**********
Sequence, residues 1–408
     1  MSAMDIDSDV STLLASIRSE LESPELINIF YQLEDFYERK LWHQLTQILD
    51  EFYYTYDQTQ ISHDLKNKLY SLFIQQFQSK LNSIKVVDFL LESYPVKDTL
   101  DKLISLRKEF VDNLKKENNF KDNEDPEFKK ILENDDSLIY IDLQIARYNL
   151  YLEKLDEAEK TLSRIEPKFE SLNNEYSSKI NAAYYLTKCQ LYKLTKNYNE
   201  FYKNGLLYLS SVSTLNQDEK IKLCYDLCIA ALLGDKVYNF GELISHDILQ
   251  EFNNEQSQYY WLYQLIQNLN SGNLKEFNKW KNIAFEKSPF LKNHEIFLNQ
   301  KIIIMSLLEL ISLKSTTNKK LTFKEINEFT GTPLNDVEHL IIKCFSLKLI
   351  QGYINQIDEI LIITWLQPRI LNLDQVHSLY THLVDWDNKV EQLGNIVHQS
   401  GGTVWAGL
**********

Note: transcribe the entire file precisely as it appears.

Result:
Sequence, residues 1–408
     1  MSAMDIDSDV STLLASIRSE LESPELINIF YQLEDFYERK LWHQLTQILD
    51  EFYYTYDQTQ ISHDLKNKLY SLFIQQFQSK LNSIKVVDFL LESYPVKDTL
   101  DKLISLRKEF VDNLKKENNF KDNEDPEFKK ILENDDSLIY IDLQIARYNL
   151  YLEKLDEAEK TLSRIEPKFE SLNNEYSSKI NAAYYLTKCQ LYKLTKNYNE
   201  FYKNGLLYLS SVSTLNQDEK IKLCYDLCIA ALLGDKVYNF GELISHDILQ
   251  EFNNEQSQYY WLYQLIQNLN SGNLKEFNKW KNIAFEKSPF LKNHEIFLNQ
   301  KIIIMSLLEL ISLKSTTNKK LTFKEINEFT GTPLNDVEHL IIKCFSLKLI
   351  QGYINQIDEI LIITWLQPRI LNLDQVHSLY THLVDWDNKV EQLGNIVHQS
   401  GGTVWAGL